Soligenix, a development-stage biopharmaceutical company, has collaborated with the Infectious Disease Research Institute (IDRI) to develop select biodefense vaccines using synthetic adjuvants.
The collaboration will leverage IDRI's synthetic adjuvants in conjunction with Soligenix's proprietary subunit proteins and thermostability platform, known as ThermoVax.
IDRI adjuvant technology vice president, Darrick Carter, said that IDRI's adjuvant technology can help build effective vaccines.
"These new candidate vaccines could be the critical solution in providing protection to people in the event there is a bioterror threat from the release of anthrax or ricin toxins," Carter added.
The combination of the technologies is expected to result in vaccines with characteristics for long-term stability and onset of protective immunity, desired features of vaccines that would be stockpiled for emergency use.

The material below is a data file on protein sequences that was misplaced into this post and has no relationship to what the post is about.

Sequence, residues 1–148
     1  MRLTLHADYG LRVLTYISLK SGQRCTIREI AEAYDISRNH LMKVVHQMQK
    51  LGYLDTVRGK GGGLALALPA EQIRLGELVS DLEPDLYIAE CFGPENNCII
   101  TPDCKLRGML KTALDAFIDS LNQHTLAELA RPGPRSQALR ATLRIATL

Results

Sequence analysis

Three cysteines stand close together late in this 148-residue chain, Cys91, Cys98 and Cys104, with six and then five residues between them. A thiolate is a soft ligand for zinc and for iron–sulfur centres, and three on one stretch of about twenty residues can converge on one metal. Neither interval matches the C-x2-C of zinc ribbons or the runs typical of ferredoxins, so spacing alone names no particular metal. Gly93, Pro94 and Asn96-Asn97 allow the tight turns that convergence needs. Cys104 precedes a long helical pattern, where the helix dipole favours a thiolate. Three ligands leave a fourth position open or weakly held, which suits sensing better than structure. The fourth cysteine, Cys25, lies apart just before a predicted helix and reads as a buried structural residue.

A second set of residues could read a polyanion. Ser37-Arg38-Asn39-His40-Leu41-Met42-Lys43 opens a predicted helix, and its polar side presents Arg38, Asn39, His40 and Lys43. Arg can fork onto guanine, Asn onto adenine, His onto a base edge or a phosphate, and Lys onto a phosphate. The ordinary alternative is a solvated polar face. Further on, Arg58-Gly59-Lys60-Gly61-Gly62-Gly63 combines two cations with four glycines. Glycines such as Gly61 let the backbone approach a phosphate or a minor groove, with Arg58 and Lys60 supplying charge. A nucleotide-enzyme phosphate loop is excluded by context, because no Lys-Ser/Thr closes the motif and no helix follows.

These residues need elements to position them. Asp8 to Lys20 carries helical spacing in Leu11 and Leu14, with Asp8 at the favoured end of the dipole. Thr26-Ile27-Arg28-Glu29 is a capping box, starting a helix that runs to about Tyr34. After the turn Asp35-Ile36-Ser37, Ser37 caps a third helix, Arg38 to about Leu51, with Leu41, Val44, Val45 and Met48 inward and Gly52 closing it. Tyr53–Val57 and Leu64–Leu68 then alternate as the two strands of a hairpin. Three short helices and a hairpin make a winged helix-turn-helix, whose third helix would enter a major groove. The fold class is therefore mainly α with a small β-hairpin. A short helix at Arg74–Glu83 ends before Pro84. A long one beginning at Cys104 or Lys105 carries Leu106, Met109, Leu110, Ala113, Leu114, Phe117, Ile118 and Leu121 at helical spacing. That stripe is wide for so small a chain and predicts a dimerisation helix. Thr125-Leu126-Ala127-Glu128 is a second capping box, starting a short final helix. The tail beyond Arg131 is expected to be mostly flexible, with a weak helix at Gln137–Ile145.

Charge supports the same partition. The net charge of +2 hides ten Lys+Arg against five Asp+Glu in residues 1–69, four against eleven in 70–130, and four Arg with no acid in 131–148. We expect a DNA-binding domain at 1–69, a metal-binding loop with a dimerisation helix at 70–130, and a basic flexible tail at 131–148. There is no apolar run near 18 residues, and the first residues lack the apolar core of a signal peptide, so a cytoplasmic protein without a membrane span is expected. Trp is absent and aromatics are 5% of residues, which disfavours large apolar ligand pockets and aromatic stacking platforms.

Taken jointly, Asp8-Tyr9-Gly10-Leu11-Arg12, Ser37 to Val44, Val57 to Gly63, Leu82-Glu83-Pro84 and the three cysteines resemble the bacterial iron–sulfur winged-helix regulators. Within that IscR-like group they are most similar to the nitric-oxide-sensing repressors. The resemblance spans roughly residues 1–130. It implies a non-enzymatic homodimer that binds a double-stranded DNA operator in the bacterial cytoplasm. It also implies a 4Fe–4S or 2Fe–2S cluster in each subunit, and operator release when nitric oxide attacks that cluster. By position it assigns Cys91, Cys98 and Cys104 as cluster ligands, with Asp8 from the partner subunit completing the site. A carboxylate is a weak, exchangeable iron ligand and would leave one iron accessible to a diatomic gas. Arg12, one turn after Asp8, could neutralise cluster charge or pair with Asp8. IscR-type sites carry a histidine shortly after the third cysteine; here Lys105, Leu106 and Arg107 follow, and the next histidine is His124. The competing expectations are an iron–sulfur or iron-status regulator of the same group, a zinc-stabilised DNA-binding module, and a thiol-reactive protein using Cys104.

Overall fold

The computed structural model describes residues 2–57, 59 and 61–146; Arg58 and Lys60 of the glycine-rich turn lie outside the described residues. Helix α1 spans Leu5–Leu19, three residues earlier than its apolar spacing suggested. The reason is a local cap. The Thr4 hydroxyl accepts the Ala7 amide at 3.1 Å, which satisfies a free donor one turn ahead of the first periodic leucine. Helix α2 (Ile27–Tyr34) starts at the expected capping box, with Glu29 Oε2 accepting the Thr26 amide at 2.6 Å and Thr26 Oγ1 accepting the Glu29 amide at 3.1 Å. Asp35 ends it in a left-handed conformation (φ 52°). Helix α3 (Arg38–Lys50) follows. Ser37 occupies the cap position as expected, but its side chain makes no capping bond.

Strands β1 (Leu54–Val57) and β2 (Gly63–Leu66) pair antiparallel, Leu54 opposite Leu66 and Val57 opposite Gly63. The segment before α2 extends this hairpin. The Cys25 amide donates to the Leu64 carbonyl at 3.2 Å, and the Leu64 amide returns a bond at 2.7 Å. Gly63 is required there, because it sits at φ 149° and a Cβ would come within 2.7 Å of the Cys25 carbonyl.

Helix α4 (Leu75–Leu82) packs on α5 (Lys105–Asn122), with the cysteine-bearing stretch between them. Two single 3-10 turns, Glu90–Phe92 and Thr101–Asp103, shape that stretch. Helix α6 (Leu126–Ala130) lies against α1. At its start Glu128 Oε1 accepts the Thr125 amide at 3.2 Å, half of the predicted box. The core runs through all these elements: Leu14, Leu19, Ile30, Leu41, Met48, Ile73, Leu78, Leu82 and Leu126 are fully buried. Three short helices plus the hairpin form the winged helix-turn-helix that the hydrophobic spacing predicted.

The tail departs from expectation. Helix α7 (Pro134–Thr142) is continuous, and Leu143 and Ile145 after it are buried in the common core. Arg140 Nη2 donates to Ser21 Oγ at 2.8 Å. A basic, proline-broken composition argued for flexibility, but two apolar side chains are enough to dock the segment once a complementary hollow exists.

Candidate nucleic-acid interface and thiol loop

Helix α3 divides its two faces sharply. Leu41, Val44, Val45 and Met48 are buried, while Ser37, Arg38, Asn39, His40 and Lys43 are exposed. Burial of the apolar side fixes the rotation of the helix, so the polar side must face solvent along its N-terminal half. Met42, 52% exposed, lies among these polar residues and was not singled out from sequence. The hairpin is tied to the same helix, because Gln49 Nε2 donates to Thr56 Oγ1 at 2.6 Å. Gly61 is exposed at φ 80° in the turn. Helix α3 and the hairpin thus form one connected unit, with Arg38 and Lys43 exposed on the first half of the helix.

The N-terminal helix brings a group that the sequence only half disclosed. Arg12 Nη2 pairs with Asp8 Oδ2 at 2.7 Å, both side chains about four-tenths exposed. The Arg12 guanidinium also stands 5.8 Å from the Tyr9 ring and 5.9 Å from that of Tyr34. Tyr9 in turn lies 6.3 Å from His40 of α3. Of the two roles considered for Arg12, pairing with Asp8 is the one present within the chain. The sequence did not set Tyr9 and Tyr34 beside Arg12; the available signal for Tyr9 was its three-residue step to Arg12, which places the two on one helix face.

The collaboration initially aims at evaluating the combination of one of IDRI's adjuvant compounds that has been shown to enhance the generation of high-titer neutralising antibodies to anthrax toxin with VeloThrax, Soligenix's second generation Dominant Negative Inhibitor subunit protein anthrax vaccine candidate.
The second developmental objective is to appraise the combination of an IDRI adjuvant with formulations of RiVax, Soligenix's vaccine against ricin toxin under development.
The research will initially be conducted under Soligenix's existing $9.4m National Institute of Allergy and Infectious Disease grant, which supports the development of advanced heat stable vaccines against anthrax and ricin toxins.
Soligenix president and CEO Christopher Schaber said: "We believe that with the addition of IDRI's potent adjuvants to our hyperimmunogenic anthrax and ricin toxin vaccines, we will have the potential to develop highly competitive biodefense vaccines that can address the exact needs of the US government with regard to rapid onset immunity with just one or two doses."